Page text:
The district court also instructed:
"The operation of a motor vehicle on the left side of the highway at the time of a collision is negligence unless there was an explanation satisfactory to you that the driver was free from negligence in being on the wrong side of the highway."
Plaintiff objects to the reference to "wrong side" in that and the following instruction in similar context. It is common parlance to refer to the left side of the road as the "wrong" side, and as the instructions said, the law makes the left side the wrong side unless a satisfactory explanation is produced. We do not consider the use of the term prejudicial.
3. "Fatigue" verdict.
The trial took five days and the case was submitted to the jury at approximately 6:00 p. m. Friday. The jury was taken to dinner at 6:30 and returned at 8:30. A verdict was reached at 1:00 a. m. Plaintiff argues that the jurors were fatigued and should have been sent home at 10:00 or 10:30 p. m., to return the next day for further deliberation.
The record reveals no basis for concluding that the quality of deliberations was affected by the circumstances referred to. In passing upon the post-trial motions the district judge noted that there had been an indication that counsel preferred that the case be submitted late Friday, no request at any time that the jurors be sent home, and no indication from the jury that the jurors were tired, unable to agree, or desired to go home and return on Saturday. He concluded the point was "completely without merit."
Control of such matters is within the discretion of the trial judge and his regulation of them will not be disturbed absent proof that he has acted arbitrarily or that plaintiff was in fact prejudiced.10
4. Application of Wisconsin comparative negligence statute.
The verdict was that the negligence of three actors, plaintiff, Holewinski, and Byng, combined to cause the accident and plaintiff's injuries. The causal negligence attributed to plaintiff was greater by a ratio of 30:25 than that attributed to Holewinski. The ratio between the causal negligence of plaintiff and that of Byng was 30:45.
Under a well established interpretation of the Wisconsin comparative negligence statute, this verdict required a judgment in favor of Holewinski's employer and insurer since plaintiff's causal negligence was at least as great as that of Holewinski, but would have required a judgment in favor of plaintiff for the recovery of two-thirds of plaintiff's damages from Byng if Byng had been before the court as a defendant.11
It has been held that omission from the verdict of questions as to the negligence of a non-party was ordinarily not prejudicial to a defendant found to have been more negligent than plaintiff.12 But such questions are necessary where a defendant seeks contribution from an alleged joint tort feasor.13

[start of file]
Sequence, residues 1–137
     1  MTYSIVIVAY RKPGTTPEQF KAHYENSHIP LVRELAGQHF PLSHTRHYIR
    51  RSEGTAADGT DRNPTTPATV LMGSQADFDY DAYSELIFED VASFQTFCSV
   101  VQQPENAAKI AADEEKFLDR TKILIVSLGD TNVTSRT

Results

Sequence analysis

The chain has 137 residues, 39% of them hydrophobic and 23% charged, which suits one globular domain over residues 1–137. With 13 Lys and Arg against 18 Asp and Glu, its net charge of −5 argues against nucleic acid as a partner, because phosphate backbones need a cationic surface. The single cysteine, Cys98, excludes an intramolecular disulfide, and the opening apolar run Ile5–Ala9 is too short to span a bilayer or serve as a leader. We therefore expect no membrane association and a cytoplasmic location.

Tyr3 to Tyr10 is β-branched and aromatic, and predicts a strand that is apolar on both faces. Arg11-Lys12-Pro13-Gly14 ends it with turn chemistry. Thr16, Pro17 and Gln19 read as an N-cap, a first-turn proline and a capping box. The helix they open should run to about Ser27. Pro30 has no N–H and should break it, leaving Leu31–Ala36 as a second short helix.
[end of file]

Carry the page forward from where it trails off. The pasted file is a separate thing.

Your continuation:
Plaintiff suggests that submission of questions as to a third party's negligence has a psychological effect upon the jury, diluting the responsibility the jury is likely to impose upon the defendant whom plaintiff has sued. He proposes, in effect, that a defendant should not be allowed to bring in another party for the purpose of determining contribution at the same trial where the issues between plaintiff and defendant are tried. As an alternative plaintiff suggests that if a defendant chooses to bring in a party for that purpose, such defendant must, as between himself and plaintiff, accept responsibility for any negligence found on the part of the party he brings in, as well as his own.
To the extent that plaintiff may be proposing a change in Wisconsin's law of comparative negligence, it is beyond our competence.
If he is suggesting a rule in federal courts that a defendant will not be permitted to bring in a third party in order to recover contribution, or that the trial of the claim for contribution from a third party must be separate from the trial of plaintiff's claim, his proposal runs afoul of sound principles of judicial economy and of the purposes served by Rule 14, F.R.C.P., even though that rule permits the exercise of discretion in an appropriate case.
The judgment is affirmed.
Jurisdiction is founded on diversity. Wisconsin law governs substantive questions
398 F.2d 325 (1968)
Plaintiff did not join Byng as a defendant. Very likely there was no diversity between plaintiff and Byng. Defendants brought Byng in as a third party defendant for the purpose of contribution if defendants were found liable to plaintiff
Underwood,supra, note 4; State v. Adams (1950), 257 Wis. 433, 435, 43 N.W.2d 446.
Rausch v. Buisse (1966), 33 Wis.2d 154, 167, 146 N.W.2d 801
Koch v. State (1906), 126 Wis. 470, 478, 106 N.W. 531; Gaertner v. State (1967), 35 Wis.2d 159, 174, 150 N.W.2d 370
Whitty v. State (1967), 34 Wis.2d 278, 294, 149 N.W.2d 557
See Cleary v. Indiana Beach, Inc. (7th Cir., 1960), 275 F.2d 543, 545-546
Walker v. Kroger Grocery & Baking Co. (1934), 214 Wis. 519, 536, 252 N.W. 721; Quady v. Sickl (1952), 260 Wis. 348, 354a, 52 N.W.2d 134; Schwenn v. Loraine Hotel Co. (1961), 14 Wis.2d 601, 609, 111 N.W.2d 495
Hardware Mutual Casualty Co. v. Harry Crow & Son, Inc. (1959), 6 Wis.2d 396, 408, 94 N.W.2d 577
See Pierringer v. Hoger (1963), 21 Wis.2d 182, 192, 124 N.W.2d 106